Your Hands and Body

Looking After Your Hands & Body

Most of us have a skincare regime for our face but the same does not always apply to our hands and the rest of our body. This is despite the fact, that our hands almost always betray our age before our face.

How to look after your hands

Just as you protect your face, so you should give the same attention to your hands. Apply hand cream in the morning before leaving the house and in the evening before going to bed. You should also lotion-up immediately after drying your hands when they have been in contact with water.

There are many products that should do the trick. Rich hand creams are good for dry and flaky skin or for giving your hands a night-time treat.

As you get older, you may start to see the gradual appearance of ?age spots' (also called ?liver spots' or hyperpigmentation) on your hands and face. These are patches of dark skin caused by over-production of melanin, the brown pigment within the skin. They are a natural part of the ageing process brought about by long-term exposure to the sun's ultraviolet light.

They tend to appear from the mid-50s onwards, although you may notice age spots as early as your 40s, particularly if your skin has been exposed to UV light without adequate protection.

You can't avoid developing age spots on your hands (aside from protecting your hands from the sun all year round). If you do have age spots switch to a cream rich in vitamin E which can make age spots seem less noticeable. There are lots of readily-available creams which aim to fade spots over time.

Some people use bleaching or lightening creams to reduce age spots but there has been concern about their safety as some products contain illegal compounds that are damaging to health. It's best to consult a dermatologist if you want to go down this route. Another option is to pay for Intense Pulsed Light (IPL) sessions which disperse the pigmentation by applying multiple wavelengths of light to the area.

How to look after your body

The skin on your body may not be exposed to environmental hazards in the same way as your hands and face but it still needs looking after to avoid dull, dry or itchy skin.

Particular trouble-spots can include the elbows and knees where dryness and flaking can cause discomfort. This is because the body has developed lots of extra skin here to accommodate the way your limbs bend. This ?spare' skin undergoes lots of wear and tear.

To bring out the best in your skin you should develop a good cleansing routine. Effective cleansing respects the natural balance of your skin.

If you have very dry skin or eczema, water in combination with ordinary soap can exacerbate the problem by causing further drying. To avoid this, use emollients (moisturisers that reduce water-loss from the skin) frequently. These can be bought over the counter. You should also avoid harsh alcohol-based products that dry-out the skin.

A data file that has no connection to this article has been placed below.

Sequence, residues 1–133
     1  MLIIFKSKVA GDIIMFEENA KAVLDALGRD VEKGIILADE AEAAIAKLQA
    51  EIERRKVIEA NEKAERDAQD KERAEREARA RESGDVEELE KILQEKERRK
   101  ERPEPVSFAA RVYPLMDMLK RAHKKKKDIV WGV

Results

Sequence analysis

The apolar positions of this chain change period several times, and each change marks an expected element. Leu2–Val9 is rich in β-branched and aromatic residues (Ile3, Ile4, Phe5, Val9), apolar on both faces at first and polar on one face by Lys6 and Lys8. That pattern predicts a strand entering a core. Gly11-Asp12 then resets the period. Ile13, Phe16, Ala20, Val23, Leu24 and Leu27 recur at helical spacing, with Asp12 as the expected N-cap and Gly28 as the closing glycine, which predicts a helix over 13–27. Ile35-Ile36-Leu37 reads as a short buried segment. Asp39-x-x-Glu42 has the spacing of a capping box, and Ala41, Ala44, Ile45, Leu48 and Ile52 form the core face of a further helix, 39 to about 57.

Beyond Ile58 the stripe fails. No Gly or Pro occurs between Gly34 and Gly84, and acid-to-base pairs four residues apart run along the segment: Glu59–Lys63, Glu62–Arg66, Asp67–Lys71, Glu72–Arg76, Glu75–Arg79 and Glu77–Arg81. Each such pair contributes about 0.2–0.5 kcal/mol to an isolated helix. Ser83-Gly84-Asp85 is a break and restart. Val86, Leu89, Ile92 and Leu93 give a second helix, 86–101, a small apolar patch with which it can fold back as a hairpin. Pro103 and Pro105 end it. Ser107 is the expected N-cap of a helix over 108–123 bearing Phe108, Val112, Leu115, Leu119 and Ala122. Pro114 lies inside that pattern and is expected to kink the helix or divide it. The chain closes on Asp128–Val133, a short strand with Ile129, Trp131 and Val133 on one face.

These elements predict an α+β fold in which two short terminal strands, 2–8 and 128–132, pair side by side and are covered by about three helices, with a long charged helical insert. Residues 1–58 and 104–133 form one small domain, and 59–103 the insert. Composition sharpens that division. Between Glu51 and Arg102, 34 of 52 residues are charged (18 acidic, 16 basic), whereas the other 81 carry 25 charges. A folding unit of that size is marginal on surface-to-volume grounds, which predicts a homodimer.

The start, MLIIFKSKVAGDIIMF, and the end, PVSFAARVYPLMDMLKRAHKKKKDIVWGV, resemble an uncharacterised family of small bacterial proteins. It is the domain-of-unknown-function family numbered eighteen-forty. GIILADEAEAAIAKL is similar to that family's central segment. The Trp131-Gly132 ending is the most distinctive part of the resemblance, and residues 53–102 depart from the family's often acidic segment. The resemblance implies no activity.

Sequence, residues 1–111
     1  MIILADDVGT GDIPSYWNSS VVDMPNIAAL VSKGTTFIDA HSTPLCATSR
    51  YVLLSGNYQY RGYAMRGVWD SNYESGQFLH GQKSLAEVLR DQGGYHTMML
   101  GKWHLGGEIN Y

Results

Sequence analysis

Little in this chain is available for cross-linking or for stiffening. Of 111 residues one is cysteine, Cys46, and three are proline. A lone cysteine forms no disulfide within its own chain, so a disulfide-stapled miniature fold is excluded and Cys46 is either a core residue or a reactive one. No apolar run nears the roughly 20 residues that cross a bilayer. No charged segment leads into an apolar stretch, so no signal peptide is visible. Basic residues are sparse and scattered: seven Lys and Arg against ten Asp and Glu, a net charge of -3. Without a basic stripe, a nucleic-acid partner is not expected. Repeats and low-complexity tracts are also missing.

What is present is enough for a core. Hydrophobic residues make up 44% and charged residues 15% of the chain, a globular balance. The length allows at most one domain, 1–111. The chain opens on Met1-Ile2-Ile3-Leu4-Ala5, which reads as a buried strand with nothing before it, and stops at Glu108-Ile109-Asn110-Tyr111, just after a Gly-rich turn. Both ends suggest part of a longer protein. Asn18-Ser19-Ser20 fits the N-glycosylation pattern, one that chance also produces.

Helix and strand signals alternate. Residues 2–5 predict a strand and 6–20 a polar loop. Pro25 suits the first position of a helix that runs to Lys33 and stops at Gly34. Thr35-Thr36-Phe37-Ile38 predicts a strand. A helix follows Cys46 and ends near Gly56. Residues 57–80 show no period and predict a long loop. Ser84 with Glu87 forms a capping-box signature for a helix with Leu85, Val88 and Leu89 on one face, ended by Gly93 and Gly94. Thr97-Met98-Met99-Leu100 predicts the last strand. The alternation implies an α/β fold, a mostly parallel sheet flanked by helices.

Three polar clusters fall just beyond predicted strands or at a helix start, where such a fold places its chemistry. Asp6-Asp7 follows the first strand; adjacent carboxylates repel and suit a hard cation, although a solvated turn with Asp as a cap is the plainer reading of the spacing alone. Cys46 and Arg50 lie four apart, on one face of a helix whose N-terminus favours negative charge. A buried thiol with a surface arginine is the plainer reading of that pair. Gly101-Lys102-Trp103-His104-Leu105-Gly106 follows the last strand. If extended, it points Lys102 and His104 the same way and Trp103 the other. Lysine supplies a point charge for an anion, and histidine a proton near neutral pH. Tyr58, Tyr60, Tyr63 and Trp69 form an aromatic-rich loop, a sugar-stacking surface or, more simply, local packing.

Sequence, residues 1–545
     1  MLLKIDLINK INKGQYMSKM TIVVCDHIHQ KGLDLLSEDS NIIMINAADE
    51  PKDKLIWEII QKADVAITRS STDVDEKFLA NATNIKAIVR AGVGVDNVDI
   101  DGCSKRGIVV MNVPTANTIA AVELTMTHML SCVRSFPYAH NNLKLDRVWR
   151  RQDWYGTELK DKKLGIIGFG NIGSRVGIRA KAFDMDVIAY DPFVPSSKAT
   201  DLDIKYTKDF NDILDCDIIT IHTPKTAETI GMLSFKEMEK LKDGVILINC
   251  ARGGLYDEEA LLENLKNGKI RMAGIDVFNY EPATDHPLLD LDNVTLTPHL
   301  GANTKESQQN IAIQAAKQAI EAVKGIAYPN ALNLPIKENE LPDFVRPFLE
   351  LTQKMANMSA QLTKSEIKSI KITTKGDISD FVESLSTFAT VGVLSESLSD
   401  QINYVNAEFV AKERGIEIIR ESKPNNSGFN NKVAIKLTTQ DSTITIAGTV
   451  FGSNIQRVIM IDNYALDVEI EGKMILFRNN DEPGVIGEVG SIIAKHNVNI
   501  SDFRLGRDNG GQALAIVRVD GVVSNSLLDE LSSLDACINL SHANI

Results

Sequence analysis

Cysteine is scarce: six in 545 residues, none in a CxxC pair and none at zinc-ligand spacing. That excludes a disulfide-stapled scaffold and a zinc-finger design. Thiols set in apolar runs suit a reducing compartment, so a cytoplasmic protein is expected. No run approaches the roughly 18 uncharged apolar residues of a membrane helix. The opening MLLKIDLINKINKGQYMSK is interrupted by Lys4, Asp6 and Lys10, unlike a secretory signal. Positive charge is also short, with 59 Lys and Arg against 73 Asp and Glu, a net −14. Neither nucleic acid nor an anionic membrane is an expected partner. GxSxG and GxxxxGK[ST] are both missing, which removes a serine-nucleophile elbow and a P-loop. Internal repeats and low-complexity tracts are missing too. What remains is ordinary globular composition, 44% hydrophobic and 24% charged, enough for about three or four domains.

If your skin is oily, sometimes leading to spots and acne on your chest, back and shoulder, then opt for cleansers specially formulated for spot-control. Water-based ones will be more suitable than oil-based products.

You can also exfoliate your body - focusing in particular on any problem areas such as knees, shins, elbows and heels. When using a body exfoliator massage the formula gently in circles to stimulate circulation to the skin.

After cleansing and exfoliating, you should apply a layer of moisturising body lotion or cream to counteract any dry-out and to protect the whole skin structure against water loss.

Alternative Remedies & Self-help

  • Creams rich in vitamins, E, C and Coenzyme (CoQ10) are all good ways of boosting your skin's health. CoQ10 is also found naturally in some foods including liver, sardines and mackerel.
  • If you have very dry skin or eczema you can try bathing in oatmeal which is thought to help keep the skin moist.
  • If you are a smoker - try to quit. Smoking prematurely ages skin. It is thought that smoking reduces the skin's natural elasticity by reducing collagen production (collagen is a protein that supports skin strength).
  • Ensure you get plenty of shut-eye. Sleep deprivation will make you look older. In one study from Sweden sleep-deprived participants were judged to be less attractive than their well-rested peers.
  • Alcohol can dehydrate your body leaving your skin looking old and tired. Stick to recommended limits and if you do drink remember to intersperse boozy drinks with water or fruit juice.
  • Exposure to the sun's ultraviolet rays is the main cause of skin ageing (as well as skin cancer). It's important to always protect your skin when out and about. Try to avoid the sun between 11am-3pm and always use a suncream with a protection factor (SPF) of at least 15.
  • Don't forget to protect your hands from the environment. This means wearing rubber gloves when doing housework and protective gloves when gardening or doing other outside activities.
  • Enjoy regular manicures at the salon, or at home, to make your hands look great.
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